Thursday, September 29, 2011

I'll Have a Bowl of Corn Chowder.

This is just about my most favorite soup ever, well, it's not a soup, it's chowder! Those that read my ramblings on Food I Eat know that there will never be a fish that makes it all the way past my lips with the exception of heavily spiced or sauced shrimp, preferably grilled. So, don't even begin to talk to me about how corn has no place in the real New England Chowder. You people that eat clams need to come round to the real chowder - corn chowder.

If you are into calories and nutrition facts, click here.

my chowder as a side dish
New England Corn Chowder

Ingredients with variations on the theme and options for your enjoyment no matter how you eat:

6 strips of the meatiest bacon you can find. If you can get applewood smoked bacon do it, because it is the best ever. Trim off any ends that are particularly fatty...yes a bit wasteful, but it's better. Trust me. If you are a serious bacon eater add more...or cook up some to sprinkle on when it is served.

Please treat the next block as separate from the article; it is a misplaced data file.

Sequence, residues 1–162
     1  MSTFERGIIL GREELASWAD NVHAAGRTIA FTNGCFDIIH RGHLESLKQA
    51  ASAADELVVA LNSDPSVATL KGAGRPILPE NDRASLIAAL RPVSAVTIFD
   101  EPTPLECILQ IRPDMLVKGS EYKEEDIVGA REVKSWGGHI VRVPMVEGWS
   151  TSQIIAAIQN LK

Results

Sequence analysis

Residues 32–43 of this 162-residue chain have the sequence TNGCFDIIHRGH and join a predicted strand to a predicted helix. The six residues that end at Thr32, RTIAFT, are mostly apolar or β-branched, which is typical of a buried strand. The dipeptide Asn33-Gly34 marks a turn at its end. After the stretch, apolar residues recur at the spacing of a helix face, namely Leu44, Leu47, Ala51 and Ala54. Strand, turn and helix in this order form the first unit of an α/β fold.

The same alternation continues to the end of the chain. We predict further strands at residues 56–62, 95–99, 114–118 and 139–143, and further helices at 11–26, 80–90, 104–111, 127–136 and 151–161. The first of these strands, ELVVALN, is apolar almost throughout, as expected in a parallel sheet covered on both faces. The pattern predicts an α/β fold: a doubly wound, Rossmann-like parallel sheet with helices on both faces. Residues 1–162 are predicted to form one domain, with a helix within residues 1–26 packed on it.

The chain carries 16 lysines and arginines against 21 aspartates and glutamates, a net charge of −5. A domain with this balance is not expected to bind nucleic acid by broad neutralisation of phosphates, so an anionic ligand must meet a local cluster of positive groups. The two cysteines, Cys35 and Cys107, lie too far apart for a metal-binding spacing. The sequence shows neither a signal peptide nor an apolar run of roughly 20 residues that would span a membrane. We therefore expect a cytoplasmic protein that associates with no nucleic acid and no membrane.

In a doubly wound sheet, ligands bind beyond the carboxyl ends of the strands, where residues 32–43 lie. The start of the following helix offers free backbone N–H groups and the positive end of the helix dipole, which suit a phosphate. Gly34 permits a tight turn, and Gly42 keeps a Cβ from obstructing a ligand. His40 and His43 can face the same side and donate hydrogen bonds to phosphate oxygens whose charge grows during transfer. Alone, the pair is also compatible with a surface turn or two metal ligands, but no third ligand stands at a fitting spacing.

Sunday, September 18, 2011


I make these biscuits a lot. They are simple, there's just a few ingredients, and they can be varied a lot. We have them with soup, stew, roasts, and any time there is a good reason to bake up a good biscuit. You could just buy the frozen ones, but why do that when these are so easy to do? Besides, it's fun to mess with the flour, it's fun to decide how to make them, these rise a whole lot better and it's fun to watch that, and they taste better. How mindful is that! I did the nutrition facts for you too in case you are one of my calorie counting friends.

these got a little too brown, but you get the idea!
Baking Powder Biscuits

Ingredients and later on some options to make these even more super yummy:

2 cups all purpose flour, measure this by very lightly spooning the flour into the cup. do not pack at all.
3 t baking powder
1/2 t salt
1/2 cup shortening (or butter)
2/3-3/4 cup milk

Options for making these absolutely even better: